Feeding children in Italy

I read a lot of food blogs, both the recipe ones that inspire me to try something new, or simply trigger my drool reflex, and the real food / traditional food ones that inspire me to eat better, treat my body better, and make better, simpler choices for my family. And I’ve noticed a giant chasm between how kids are fed in the US compared to Italy. I had never really thought about it, but now, what with the internet broadcasting everyone’s opinions and choices (and judgments) all over the place, one tends to notice things more.

For example, American kids seem to snack all the time. When they were toddlers I wouldn’t leave the house without a snack, whatever time of day it was, and sure this did save me occasionally, when I was running late, to avert hunger related meltdowns, it isn’t really necessary beyond the initial toddler phase when they haven’t yet completely regulated their meal times. And yet, if I’m going to go somewhere for any extended amount of time I feel the need to bring a snack. Italian kids don’t snack. They have three main meals, breakfast, lunch and dinner and a snack around four o’clock. All kids eat like this. They don’t munch on crackers at the super market. Mothers don’t cut up carrots to take with them every time they leave the house. And the kids somehow survive. That was the first difference I noticed.

The second difference I noticed was when they started preschool. My kids go to a small (tiny) neighborhood preschool, there are only about thirty-five kids aged 3 to 6. They have three teachers, the janitor, and a cook. The cook is beloved by all. Every morning she goes around to our little village shops (which are nothing more than a butcher, a mini market, and a bakery) and she buys whatever vegetables are freshest, whatever meat looks good, and the freshly baked bread for the kids’ lunch. Sure, she has to follow the dietary guidelines of the Italian health ministry, but basically she’s like a mom cooking for her kids.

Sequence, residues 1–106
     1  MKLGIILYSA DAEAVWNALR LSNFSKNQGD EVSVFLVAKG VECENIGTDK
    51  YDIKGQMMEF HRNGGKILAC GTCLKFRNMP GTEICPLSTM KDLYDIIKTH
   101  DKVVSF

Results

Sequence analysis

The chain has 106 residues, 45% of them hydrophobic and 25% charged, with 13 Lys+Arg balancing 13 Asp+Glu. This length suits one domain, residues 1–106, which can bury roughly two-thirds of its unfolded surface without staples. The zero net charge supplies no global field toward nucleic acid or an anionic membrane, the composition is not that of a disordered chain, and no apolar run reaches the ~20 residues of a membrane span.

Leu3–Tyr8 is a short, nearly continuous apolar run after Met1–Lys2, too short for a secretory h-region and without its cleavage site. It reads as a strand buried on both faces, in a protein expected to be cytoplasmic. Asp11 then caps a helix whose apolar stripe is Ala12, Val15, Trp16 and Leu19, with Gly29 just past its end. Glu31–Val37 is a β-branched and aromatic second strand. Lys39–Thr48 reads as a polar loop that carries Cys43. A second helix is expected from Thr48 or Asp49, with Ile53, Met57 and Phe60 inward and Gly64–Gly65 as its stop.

In typical Italian tradition, the children get a primo (first course – which is generally soup, or pasta, or risotto) and then a secondo with vegetables (main course – generally protein, meat, fish, an omelets etc.), occasionally they get a one-course meal, like pizza or polenta with meat sauce, but that’s a special occasion and usually includes a salad. Dessert is always fruit, or fruit salad, once a week it’s either pudding or yoghurt. They eat really well. They only drink water. They take turns, setting the tables and passing around the breadbasket and then clearing the tables, wiping them down and putting the chairs up for the floors to be cleaned. They love being in charge of something. There are even days, when the cook makes fresh pasta that the kids go up and help her, once a year they make pizza as an activity and then eat it. I have a lot to complain about in Italy, and I certainly have my share of frustration at three-year olds being served coke at birthday parties (because three-year olds really need the caffeine rush), but the school system really has its stuff together, at least food-wise. Children don’t pack their lunches here, it’s all provided by the state. Of course, not all school get the quality that we do because some schools don’t have a cook on staff but outsource to a caterer so the food is reheated and sometimes over cooked, but still the meals are well-balanced and nutritious.

So for once, a post wherein I don’t complain about Italy, where kids eat really well even at school, which should surprise absolutely no one considering how obsessed Italians are with their food!

2 thoughts on “Feeding children in Italy

  1. Just writing a line to let you know I am doing some major catching up and kicking myself for not reading some of these posts sooner. They make me laugh (still cracking up about psycho mom in the book and Michael Douglas), they make me gasp (some things we know even if they are unsaid, but reading them in print just makes a difference), they always make me think and enrichen my life. Thanks!

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